The Coalition Avenir Québec (CAQ), which is usually described as a center-right party, won the vote in Quebec on October 1 with a clear majority, winning 74 of 125 seats in the National Assembly of Quebec, the province’s legislative body.
This represented a defeat for the incumbent Liberal Party, which has held power for 13 out of the last 15 years, but will now have just 32 seats in the National Assembly. The Québec Solidaire party picked up seven seats and will now have 10. It is a leftist party describing itself as sovereigntist, green, alter-globalizationist, and feminist. The Parti Québécois, which advocates national sovereignty for Quebec and independence of the province from Canada, lost 19 seats and will now have just three.
“It’s a landslide, and a surprise,” Hugo Cyr, dean of the School of Political Science and Law at Université du Québec à Montréal was quoted by Bloomberg as saying. “In a fight between the CAQ and the Liberals, those who were looking for a change went to the CAQ.”
Coalition Avenir Québec was founded in 2011 by millionaire businessman François Legault (shown) and is regarded as a “pro-business” party. It also proposes limits on immigration to Quebec. Legault campaigned on a plan to admit 10,000 fewer immigrants a year and to expel new residents who fail tests on French and Quebec values within three years.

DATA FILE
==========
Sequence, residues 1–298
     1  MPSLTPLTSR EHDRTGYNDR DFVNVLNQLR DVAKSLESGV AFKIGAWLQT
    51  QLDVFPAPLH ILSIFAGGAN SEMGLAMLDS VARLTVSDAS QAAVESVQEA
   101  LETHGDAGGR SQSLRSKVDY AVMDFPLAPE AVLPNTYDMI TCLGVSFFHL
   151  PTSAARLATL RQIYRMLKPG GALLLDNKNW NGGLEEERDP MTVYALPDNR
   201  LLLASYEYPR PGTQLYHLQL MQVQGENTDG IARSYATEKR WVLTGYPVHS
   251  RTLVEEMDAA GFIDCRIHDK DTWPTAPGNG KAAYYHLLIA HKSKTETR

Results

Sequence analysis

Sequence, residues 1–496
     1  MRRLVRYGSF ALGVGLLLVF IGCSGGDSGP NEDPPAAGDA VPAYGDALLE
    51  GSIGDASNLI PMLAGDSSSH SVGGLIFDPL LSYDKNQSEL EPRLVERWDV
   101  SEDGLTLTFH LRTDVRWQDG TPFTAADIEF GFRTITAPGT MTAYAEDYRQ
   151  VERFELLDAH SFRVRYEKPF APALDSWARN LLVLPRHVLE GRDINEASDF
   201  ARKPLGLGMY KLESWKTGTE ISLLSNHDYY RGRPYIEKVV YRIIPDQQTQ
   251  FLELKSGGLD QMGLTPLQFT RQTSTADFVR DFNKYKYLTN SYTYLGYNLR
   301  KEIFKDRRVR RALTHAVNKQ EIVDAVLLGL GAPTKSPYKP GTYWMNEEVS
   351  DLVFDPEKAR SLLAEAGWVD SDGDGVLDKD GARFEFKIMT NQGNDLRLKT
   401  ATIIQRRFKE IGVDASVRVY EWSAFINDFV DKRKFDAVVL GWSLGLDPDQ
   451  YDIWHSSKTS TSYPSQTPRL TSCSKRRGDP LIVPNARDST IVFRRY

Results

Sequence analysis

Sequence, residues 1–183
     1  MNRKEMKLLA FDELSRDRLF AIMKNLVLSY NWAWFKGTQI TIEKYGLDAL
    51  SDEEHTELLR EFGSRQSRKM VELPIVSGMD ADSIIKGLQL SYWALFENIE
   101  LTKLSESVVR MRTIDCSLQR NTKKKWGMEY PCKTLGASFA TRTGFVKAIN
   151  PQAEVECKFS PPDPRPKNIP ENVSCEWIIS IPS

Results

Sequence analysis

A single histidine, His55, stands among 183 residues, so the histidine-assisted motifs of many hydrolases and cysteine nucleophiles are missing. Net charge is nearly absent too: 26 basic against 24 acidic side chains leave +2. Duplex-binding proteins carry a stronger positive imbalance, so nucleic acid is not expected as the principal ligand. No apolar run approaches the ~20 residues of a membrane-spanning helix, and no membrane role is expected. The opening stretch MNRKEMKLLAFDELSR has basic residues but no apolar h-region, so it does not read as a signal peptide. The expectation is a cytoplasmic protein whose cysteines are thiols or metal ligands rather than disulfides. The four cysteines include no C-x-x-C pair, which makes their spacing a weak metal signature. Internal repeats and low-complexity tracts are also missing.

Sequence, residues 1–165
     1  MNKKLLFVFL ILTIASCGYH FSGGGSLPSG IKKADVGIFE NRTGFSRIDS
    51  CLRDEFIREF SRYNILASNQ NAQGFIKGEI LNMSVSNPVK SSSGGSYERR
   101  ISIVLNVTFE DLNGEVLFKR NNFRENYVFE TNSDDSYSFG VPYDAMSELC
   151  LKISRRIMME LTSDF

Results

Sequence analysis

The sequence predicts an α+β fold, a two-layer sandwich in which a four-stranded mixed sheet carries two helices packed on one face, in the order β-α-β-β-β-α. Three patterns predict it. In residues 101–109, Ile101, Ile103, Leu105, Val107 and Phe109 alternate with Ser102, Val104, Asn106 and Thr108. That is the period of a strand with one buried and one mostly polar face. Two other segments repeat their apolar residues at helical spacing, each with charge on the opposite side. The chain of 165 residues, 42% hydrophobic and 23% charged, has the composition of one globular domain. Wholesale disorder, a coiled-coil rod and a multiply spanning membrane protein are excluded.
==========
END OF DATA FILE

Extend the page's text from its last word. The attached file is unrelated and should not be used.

Legault could be described as a fiscal conservative who told the media, “My message to the markets is that we will be responsible.”
The CAQ has pledged to reduce the size of the province’s budget by about C$1.2 billion on a total budget of about C$124 billion by 2023. It also plans to pay off the province’s debt with a one-time payment of C$10 billion by the end of March, which could reduce annual interest payments by C$300 million.
Bloomberg noted that Quebec has become the second major province in recent months to upset a Liberal government and cited Ontario as an example. Doug Ford’s Progressive Conservatives won the vote in Ontario in June. The report observed that these conservative victories represent growing opposition to Prime Minister and Liberal Party leader Justin Trudeau’s goals for Canada at the provincial level. Of the last five incumbent Liberal governments to face the electorate, four have either lost or failed to win conclusively.
Image: screenshot from CAQ website